Tuesday, May 02, 2006

AFIC – Time Will Tell

The new AFIC executive has been announced. And once again, it looks like an episode of bro'Town.

No, there aren’t any Maori or Indo-Chinese persons on the board. But there are plenty of bros. And no sisters.

And the bros are all elderly. I doubt any of them were born in Australia. It remains to be seen whether any of them can speak English.

As we have come to expect, there were no women elected to the executive. It is unlikely any women will be appointed to the executive.

Further, the new executive is dominated by people who couldn’t exactly be described as young people or persons born and/or brought up in Australia on the executive. Once again, we can say with some confidence that the real composition of Australian Muslims is probably better represented at an Anglican Church synod than at an AFIC exec meeting.

The new president is Rahim Ghauri, a Perth-based chap. The vice president is Dr Waqar Ahmad from the Northern Territory, one of the authors of a document entitled “Worrell Report Recommendations" which was leaked to thousands of Muslims across the country.

The secretary is Harun Abdullah. I have heard on the grapevine that Mr Abdullah is an Anglo-Australian convert. I sure hope so. We tend not to see any of those in peak body organisations. Well, apart from the Islamic Council of Victoria and the Canberra Islamic Centre.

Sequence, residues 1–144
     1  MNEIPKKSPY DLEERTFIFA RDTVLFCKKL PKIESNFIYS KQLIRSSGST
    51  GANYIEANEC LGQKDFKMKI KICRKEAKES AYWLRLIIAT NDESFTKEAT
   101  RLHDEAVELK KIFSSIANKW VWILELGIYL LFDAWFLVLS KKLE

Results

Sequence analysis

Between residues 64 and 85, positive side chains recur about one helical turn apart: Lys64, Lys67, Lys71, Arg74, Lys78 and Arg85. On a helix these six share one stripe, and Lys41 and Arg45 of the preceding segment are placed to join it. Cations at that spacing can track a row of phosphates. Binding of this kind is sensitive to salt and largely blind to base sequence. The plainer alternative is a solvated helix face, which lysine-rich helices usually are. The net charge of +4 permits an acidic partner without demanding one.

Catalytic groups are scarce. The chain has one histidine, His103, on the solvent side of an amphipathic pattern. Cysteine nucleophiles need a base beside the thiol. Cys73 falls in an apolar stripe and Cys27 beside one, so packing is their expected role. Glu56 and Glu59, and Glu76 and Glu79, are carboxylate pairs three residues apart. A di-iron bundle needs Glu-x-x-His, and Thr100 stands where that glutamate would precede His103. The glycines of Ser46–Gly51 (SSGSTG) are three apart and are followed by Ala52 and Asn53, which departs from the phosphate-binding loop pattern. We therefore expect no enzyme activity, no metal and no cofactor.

Once again, we see an opportunity wasted. As always, the AFIC exec is dominated by middle aged, first generation migrant men. Women and young Australians are ignored.

According to the 1 May 2006 edition of Sydney’s Daily Telegraph, the new AFIC exec have announced it will be setting up a youth wing. Presumably this will operate in a similar fashion to, say, the youth wings of major political parties.

(I sure hope it isn’t like the NSW Young Libs. Otherwise it will probably more resemble al-Qaida!)

Existing youth bodies already exist. Most have arisen spontaneously in response to individual efforts. Instead of seeking to reinvent the wheel, AFIC would be better served working with existing youth groups and providing them with guidance and funding.

Or given AFIC’s own problems with corporate governance and workplace relations issues, perhaps it could focus its attention on getting its house in order.

Time will tell if Muslim Australians will enjoy the benefits of having a functional national body.

© Irfan Yusuf 2006

Stumble Upon Toolbar